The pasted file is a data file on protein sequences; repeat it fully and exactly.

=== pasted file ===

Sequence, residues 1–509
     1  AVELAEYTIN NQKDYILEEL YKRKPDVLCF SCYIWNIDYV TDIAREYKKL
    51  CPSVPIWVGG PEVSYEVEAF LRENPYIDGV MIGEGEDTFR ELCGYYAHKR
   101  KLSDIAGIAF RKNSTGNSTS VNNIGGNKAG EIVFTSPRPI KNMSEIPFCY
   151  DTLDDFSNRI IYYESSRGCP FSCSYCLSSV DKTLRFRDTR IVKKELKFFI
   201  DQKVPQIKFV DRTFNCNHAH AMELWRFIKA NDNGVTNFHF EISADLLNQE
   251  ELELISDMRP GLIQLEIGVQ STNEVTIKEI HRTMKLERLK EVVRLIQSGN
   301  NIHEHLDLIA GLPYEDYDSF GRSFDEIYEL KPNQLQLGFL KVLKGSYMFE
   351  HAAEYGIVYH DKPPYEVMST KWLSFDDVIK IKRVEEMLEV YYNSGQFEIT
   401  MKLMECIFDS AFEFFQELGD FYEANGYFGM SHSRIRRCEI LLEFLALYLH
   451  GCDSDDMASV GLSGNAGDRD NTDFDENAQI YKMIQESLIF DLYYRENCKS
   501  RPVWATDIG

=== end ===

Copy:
Sequence, residues 1–509
     1  AVELAEYTIN NQKDYILEEL YKRKPDVLCF SCYIWNIDYV TDIAREYKKL
    51  CPSVPIWVGG PEVSYEVEAF LRENPYIDGV MIGEGEDTFR ELCGYYAHKR
   101  KLSDIAGIAF RKNSTGNSTS VNNIGGNKAG EIVFTSPRPI KNMSEIPFCY
   151  DTLDDFSNRI IYYESSRGCP FSCSYCLSSV DKTLRFRDTR IVKKELKFFI
   201  DQKVPQIKFV DRTFNCNHAH AMELWRFIKA NDNGVTNFHF EISADLLNQE
   251  ELELISDMRP GLIQLEIGVQ STNEVTIKEI HRTMKLERLK EVVRLIQSGN
   301  NIHEHLDLIA GLPYEDYDSF GRSFDEIYEL KPNQLQLGFL KVLKGSYMFE
   351  HAAEYGIVYH DKPPYEVMST KWLSFDDVIK IKRVEEMLEV YYNSGQFEIT
   401  MKLMECIFDS AFEFFQELGD FYEANGYFGM SHSRIRRCEI LLEFLALYLH
   451  GCDSDDMASV GLSGNAGDRD NTDFDENAQI YKMIQESLIF DLYYRENCKS
   501  RPVWATDIG